It’s not exactly the way a player wants to get called up to make his Major League debut, but given that not long ago, Heston Kjerstad’s future in baseball seemed very much in doubt, he’ll take it.
Kjerstad was summoned on Thursday to provide an extra bat while the Orioles evaluate the severity of Ryan Mountcastle’s left shoulder injury. It remains to be seen how long the No. 24 overall prospect will be up for and what his role will be, but one thing is certain: Baltimore is getting one of the better left-handed hitting prospects in the game. As one Major League evaluator put it, “He mashes.”
He’s always mashed, dating back to the start of his college career at Arkansas. In the staring lineup right from the jump, Kjerstad hit .330 with 31 homers combined in his freshman and sophomore years. He may have been a bit of a surprise No. 2 overall pick in the pandemic-shortened 2020 Draft, one who signed for more than $2.5 million under slot (a deal that allowed them to also take fellow masher Coby Mayo), but had there been a full college season that spring, he may have hit his way into discussions near the top of the Draft. He was hitting .448/.513/.791 in 16 games at the time of the shutdown, after all.
Then the Orioles and Kjerstad had to wait, and wait some more, to see how those skills would profile at the next level. There was no baseball in 2020 and then he missed all of 2021 following a diagnosis of myocarditis, a viral inflammation of the heart, and its lingering effects. No one knew exactly when, or if, he’d be able to return to competitive play, or what it all would look like should he be able to resume.
He started to answer those questions with his first professional action in June of 2022. The Orioles started him slowly, in Single-A Delmarva, where he quickly proved too good for the level, earning a bump up to High-A Aberdeen after posting a 1.201 OPS in 22 games. He scuffled a bit in the South Atlantic League (.674 OPS) as he continued to get his legs under him, but he more than made up for it in the Arizona Fall League last year. The outfielder slashed .357/.385/.622 and took home MVP honors.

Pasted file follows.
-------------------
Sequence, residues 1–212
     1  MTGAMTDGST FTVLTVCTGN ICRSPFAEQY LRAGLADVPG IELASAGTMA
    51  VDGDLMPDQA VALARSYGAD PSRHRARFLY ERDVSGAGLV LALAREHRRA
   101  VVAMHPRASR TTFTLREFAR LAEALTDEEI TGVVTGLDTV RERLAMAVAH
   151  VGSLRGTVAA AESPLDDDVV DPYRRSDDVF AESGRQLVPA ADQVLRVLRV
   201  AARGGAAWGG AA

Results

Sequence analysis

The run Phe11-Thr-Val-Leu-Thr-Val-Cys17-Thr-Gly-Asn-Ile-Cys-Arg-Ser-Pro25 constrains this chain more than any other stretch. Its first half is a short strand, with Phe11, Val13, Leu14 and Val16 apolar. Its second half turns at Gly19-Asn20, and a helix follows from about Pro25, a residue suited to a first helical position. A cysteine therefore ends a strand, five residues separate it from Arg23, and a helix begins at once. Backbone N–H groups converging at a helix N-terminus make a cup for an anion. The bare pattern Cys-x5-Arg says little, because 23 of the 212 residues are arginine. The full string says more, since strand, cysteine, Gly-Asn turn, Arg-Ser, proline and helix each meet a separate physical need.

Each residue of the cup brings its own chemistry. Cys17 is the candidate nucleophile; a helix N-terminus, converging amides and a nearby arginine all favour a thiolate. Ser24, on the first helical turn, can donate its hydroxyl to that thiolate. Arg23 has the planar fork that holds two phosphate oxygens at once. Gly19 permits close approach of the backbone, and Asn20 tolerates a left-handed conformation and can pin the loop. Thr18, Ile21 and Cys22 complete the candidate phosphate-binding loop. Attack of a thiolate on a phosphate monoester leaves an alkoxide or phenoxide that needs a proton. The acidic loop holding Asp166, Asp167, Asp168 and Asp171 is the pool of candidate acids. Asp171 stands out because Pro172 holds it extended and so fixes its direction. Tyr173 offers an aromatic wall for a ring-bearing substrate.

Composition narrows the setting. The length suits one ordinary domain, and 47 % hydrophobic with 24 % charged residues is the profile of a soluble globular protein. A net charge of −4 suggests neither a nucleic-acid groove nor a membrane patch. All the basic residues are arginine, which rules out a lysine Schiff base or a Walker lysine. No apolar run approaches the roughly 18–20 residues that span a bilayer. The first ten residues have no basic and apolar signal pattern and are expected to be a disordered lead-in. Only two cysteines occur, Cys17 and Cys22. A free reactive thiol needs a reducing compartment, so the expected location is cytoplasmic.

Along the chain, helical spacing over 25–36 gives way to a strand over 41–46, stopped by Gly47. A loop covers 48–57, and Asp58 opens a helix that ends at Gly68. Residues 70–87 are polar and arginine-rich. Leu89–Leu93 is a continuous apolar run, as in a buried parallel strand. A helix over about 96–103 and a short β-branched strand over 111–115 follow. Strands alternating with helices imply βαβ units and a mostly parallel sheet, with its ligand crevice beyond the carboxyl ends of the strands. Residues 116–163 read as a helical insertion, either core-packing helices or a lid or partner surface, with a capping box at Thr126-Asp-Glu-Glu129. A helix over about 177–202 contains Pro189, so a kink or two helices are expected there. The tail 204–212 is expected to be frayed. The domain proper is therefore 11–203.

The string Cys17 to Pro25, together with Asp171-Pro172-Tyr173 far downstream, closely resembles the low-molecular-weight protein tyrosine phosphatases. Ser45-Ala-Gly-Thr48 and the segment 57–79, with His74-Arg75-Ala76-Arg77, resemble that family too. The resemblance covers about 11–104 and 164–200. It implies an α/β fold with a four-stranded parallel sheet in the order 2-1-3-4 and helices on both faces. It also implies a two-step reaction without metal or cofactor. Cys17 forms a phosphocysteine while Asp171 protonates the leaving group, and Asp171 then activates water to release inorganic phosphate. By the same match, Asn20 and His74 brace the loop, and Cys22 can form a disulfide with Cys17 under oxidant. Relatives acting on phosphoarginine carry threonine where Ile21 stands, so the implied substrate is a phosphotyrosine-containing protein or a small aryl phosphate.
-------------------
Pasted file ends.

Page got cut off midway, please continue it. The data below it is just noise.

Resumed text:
Perhaps more importantly, it served as an outstanding springboard to the upper levels of the O’s system. Between Double-A and Triple-A, the 24-year-old had a .303/.376/.528 line with 132 wRC+ and 58 extra-base hits at the time of his callup. The power profile that he had with the Razorbacks? It’s legit.
And he’s matured as a hitter. He was seen as a definite power-over-hit type as he left the amateur ranks, one with complicated swing mechanics and an aggressive approach that pointed to a future of high swing-and-miss numbers. He’s had stretches like that, for sure -- he struck out 28.8 percent of the time in Aberdeen and even in the AFL he was right around a 30 percent K rate -- but he’s also shown a knack for making good adjustments.
His approach has matured, a big reason why his K rate this year is an impressive 18.4 percent. He works counts and will draw some walks, helping him get to better counts where he can do damage, which he does on the regular.
He’s a solid defender whose strong arm works well in right field. He’s played a bunch at first base this year, so if Mountcastle misses considerable time there, he’s more than ready to fill in, though it’s his bat that could really provide a lift.
That, and his energy. All year, the Orioles have received boosts from top-level prospects touching their big league roster. When Kjerstad makes his debut, he’ll be the seventh Top 100 guy to play for Baltimore. Kjerstad plays with an enthusiasm that’s infectious, no doubt aided by his prolonged time away from the game. He has a very noticeable “take nothing for granted” attitude he brings to the ballpark every day.
General manager Mike Elias and staff have helped build a team sitting atop the AL East, which might sound like a big burden for a young player. But as has been the case with many of the callups in Baltimore this year, no one comes in with an expectation of being the savior. Kjerstad should be able to embrace that and find ways to add to the O’s offense when given the chance.
“The players come up and are brought into a winning environment,” Elias said. “That’s positive. The weight of the world is not on their shoulders. Now we’re in a mode when we bring a player up, they’re asked perhaps to be a role player for a few weeks, come off the bench, there’s less pressure on them.”